As of December, the artists are back on the road, headed to the south via the Alps. “There’s a lot of visual diversity awaiting us,” Tabuchi says. A 30-volume book series is currently in the works, and soon the website will host high-resolution versions of all the photographs, available for anyone to download. “We take photos of subjects that belong to everyone,” Tabuchi said, explaining that the mountains, the rural pizza trucks, and the airplane hangars are all in the public domain. “Since the objective of the Atlas of Natural Regions is to portray all of France, [including] very modest aspects of France, it’s important that it remains accessible to all.”
Additional tags classify the vernacular architecture. These granular filters differentiate the terracotta roofs from the slate roofs, the plains from the valleys, and the modern Catholic churches from the old Catholic churches, permitting the viewer to curate any number of personal exhibits. Under camouflage are structures lost to overgrown shrubbery; there’s also pastoral graffiti and a category of houses in which the windows and doors evoke faces. The scale of the collection is a natural defense against cliché: for every cornflower-dotted landscape or turreted palace, there is a vacant parking lot, grain silo, or makeshift shelter built by “yellow vest” protestors. The artists confer the same attention on every subject, with a documentarian’s distant remove. But this encyclopedic approach also makes it unlikely that anyone would view the work—25,000 spare portraits of the French countryside—in its entirety.
Their solution, Monnier said, was partly inspired by shopping online for shoes. The artists designed a website according to the same logic that allows customers to sort between low heels and high heels or display all size 7 sneakers. The home page features an interactive map of France and a long list of keywords, both of which can be used to navigate through the images. Clicking on the map reveals all the photos from a single natural region; the keywords (mosque, factory, pond) instead call up all the iterations of a certain typology.
The French artists Eric Tabuchi and Nelly Monnier drive for about 10 hours every day, looking for reasons to stop the car. They don’t typically break for lunch, instead pausing only when they encounter a subject worth photographing. Tabuchi is partial to triangular façades, construction sites, and the solitary plastic chairs that discreetly advertise sex work. Monnier likes anonymous landscapes, such as meeting points next to busy highways, and social housing blocks painted with abstract murals. Otherwise, they share an affinity for daymark towers, a kind of diminutive lighthouse without the beacon, junkyards, modernist concrete synagogues, rural skate parks, and signage including the year 2000.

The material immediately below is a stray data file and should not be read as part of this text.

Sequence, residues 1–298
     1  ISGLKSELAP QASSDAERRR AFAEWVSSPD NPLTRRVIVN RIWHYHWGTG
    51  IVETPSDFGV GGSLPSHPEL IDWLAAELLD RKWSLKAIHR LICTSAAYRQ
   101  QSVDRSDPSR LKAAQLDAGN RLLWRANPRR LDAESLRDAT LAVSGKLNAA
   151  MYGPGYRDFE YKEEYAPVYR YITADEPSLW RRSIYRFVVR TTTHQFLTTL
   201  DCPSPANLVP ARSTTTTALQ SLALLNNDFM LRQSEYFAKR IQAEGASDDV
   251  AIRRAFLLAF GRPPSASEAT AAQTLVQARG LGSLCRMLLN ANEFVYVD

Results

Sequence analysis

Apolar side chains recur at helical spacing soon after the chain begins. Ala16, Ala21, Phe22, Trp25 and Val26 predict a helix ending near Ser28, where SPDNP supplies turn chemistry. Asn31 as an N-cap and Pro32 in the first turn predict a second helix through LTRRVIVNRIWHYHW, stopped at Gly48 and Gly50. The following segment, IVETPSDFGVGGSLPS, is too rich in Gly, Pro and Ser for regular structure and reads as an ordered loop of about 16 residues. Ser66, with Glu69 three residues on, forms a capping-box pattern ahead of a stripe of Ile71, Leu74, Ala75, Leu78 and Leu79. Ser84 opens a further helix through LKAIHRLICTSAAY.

These ephemeral galleries can likewise be generated via color and geometry: faded green water towers appear alongside pistachio green housing blocks and olive-green amusement park slides; a circle symbol calls up geodesic domes, the Roman amphitheater in Arles, smokestacks, and spiral train-station walkways. You can also search with multiple keywords: a particular combination might reveal only a single image (pink + snow + nightclub) or summon a whole pleasingly uniform world (cinderblock + autumn). They’ve completed the northern half of the hexagon, from the prehistoric dolmen of Brittany to the minor châteaus of the Loire Valley, leaving about 13,000 photos to go. But when the pandemic put a stop to this inherently itinerant work, it gave the artists the chance to sort through their archives. In November of last year, they published the atlas-in-progress online.
In 2017, the couple started the Atlas des Régions Naturelles, an exhaustive and idiosyncratic inventory of France. Their plan is to take 50 photographs of each of the country’s 500 “natural regions,” a geographic unit borrowed from an obsolete pre-1789 map. “It’s meant to erase the inequalities between the regions that have come about since these map lines were drawn,” Monnier says. “The ordinary places, where people no longer even recognize the old name of the natural region, are just as important as the touristic regions that have held on to their power and economy.”
The minimalist website, built by web developers Emilien Escalle and Ahmed Ghazi, suits the graphic and often austere photographs. At first, the straightforward compositions can seem exclusively objective, like a Google Street View car with technically exquisite skills, but after even a short time in the archive, the artists’ interests start to become familiar. They have a weakness for kitschy typography, pop-art motifs, and a category they call personal initiative, a catch-all for outsider folk art, front-lawn Eiffel towers, and offbeat topiary.